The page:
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Rita Wallace

I’m in two minds about this.

I certainly don’t like the idea of people taking to Facebook to say happy birthday to a person who has died, or make comments as if he/she still cared, about their favorite team winning a pennant, or something. It goes against the grain, because my Christian view is that he/she has left the cares of earth behind, and is happily enjoying the wonderful life hereafter that the church teaches about.

“There’s a home for little children

Above the bright blue sky,

Where Jesus reigns in glory,

A home of peace and joy

No home on earth is like it,

Nor can with it compare;

For everyone is happy

Nor could be happier there.”

On the other hand, one puts flowers on a grave as a remembrance of a loved one, and one talks lovingly about a person who has died.

A FB page as a place to share memories, and to figuratively put flowers–that’s okay, in my mind. To talk “to” the dead person–that’s another matter.

Nathan Humphrey

My brother died less than a year and a half ago at the age of 39 from malignant melanoma. A couple of months ago, FB asked if I’d like to friend him. He has an FB page, but I didn’t think to become one of his FB friends before he died. I thought of asking his widow to add me on his behalf, but I didn’t know whether she had access to his account. She died of the same disease the week before Christmas last month, so it’s a moot point now, I suppose. I take some strange comfort in the fact that my brother would find it funny if I sent him a friend request now, since he’s not in much of a position currently to accept it. One if the stranger ironies of his untimely death.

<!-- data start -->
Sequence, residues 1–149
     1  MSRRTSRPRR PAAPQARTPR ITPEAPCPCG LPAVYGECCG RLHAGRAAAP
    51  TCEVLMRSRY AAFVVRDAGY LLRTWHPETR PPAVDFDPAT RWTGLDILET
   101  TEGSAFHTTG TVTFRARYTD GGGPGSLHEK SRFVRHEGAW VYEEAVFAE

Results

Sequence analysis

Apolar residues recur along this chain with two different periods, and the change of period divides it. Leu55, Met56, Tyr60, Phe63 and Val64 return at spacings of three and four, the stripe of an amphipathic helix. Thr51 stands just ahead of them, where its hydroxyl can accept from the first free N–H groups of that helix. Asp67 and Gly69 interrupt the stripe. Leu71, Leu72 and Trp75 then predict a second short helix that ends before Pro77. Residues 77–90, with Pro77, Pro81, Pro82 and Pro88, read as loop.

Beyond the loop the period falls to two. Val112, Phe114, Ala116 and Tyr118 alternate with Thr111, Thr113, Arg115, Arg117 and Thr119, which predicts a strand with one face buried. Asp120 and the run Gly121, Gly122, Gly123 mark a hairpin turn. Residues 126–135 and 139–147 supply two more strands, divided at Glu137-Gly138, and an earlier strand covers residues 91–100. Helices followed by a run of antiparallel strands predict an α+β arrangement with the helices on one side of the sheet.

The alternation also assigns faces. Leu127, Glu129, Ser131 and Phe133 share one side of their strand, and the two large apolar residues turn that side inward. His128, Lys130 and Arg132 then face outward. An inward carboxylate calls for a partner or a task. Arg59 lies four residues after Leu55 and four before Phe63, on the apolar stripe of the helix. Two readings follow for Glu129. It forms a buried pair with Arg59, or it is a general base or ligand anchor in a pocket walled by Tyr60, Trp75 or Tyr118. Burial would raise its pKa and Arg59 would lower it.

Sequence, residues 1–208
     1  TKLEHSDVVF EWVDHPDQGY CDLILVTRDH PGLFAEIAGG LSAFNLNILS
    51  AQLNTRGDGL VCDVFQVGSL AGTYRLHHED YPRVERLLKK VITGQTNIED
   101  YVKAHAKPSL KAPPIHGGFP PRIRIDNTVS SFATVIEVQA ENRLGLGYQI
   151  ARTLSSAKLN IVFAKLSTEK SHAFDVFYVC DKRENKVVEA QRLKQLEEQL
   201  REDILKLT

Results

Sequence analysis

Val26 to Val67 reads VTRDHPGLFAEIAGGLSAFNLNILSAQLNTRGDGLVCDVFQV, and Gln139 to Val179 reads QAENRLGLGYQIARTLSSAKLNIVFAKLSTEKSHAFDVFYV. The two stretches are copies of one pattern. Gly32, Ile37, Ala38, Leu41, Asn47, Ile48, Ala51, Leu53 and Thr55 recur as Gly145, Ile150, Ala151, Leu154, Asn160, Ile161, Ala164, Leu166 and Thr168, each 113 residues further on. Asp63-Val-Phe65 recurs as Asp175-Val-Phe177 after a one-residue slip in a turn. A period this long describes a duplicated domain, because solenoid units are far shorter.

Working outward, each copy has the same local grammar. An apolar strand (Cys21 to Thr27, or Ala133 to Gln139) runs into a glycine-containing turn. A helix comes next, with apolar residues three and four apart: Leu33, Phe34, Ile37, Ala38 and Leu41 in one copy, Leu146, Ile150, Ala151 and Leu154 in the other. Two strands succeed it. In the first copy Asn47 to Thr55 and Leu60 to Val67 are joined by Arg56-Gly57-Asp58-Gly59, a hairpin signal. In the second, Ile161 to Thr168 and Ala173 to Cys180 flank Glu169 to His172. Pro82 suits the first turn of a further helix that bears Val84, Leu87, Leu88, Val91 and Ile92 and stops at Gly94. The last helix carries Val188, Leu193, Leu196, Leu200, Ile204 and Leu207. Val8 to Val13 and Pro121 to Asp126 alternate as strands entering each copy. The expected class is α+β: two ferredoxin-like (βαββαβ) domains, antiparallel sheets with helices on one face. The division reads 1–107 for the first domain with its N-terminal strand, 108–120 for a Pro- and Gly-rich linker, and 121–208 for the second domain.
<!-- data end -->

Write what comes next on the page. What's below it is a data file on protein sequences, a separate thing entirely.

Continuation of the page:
David O'Rourke

I agree, this is a great way to memorialize someone who has passed in to the eternal life. This is especially useful when families and friends are oftentimes very scattered geographically and may be isolated from others who are missing the person who has died, and can take the place of or supplement being able to do traditional things like visiting a grave site. How many people visit the grave sites of friends and family on significant days, like birthdays or mothers day or fathers day?

One point to consider is to be intentional about how we want our online presences to continue after we pass. Note that companies like Facebook and Google will not give access to accounts to the next of kin even if they have the right to handle your estate, so consider making arrangements for who you would want to handle your online presence after you pass. This should also apply to email accounts that are linked to important accounts that your next of kin will need access to.

This should include making sure that whoever you want to have handle your accounts will have access to usernames and passwords and will know what your wishes are. There are also companies that will handle these issues for a fee and will either cancel your accounts for you or manage them according to your instructions.

Also, for those of us who have online friendships that do not carry over in to the non virtual world, it is important to think about how you would want those friends to learn news of your passing. Traditionally, this was communicated by things like obituaries and such. How might this work in virtual settings? The ability to use social media like Facebook as “virtual tombstones” is key to this.

Lelanda Lee

I wrote a blog post on this subject last summer titled “I Wish Heaven Had Skype” found at I’m glad Facebook doesn’t arbitrarily close accounts of the deceased, because they do serve as “living” memorials to the dead and comforts to some who need an outlet for their grief and other emotions. I am in favor of providing support to people, and for some people, this is supportive.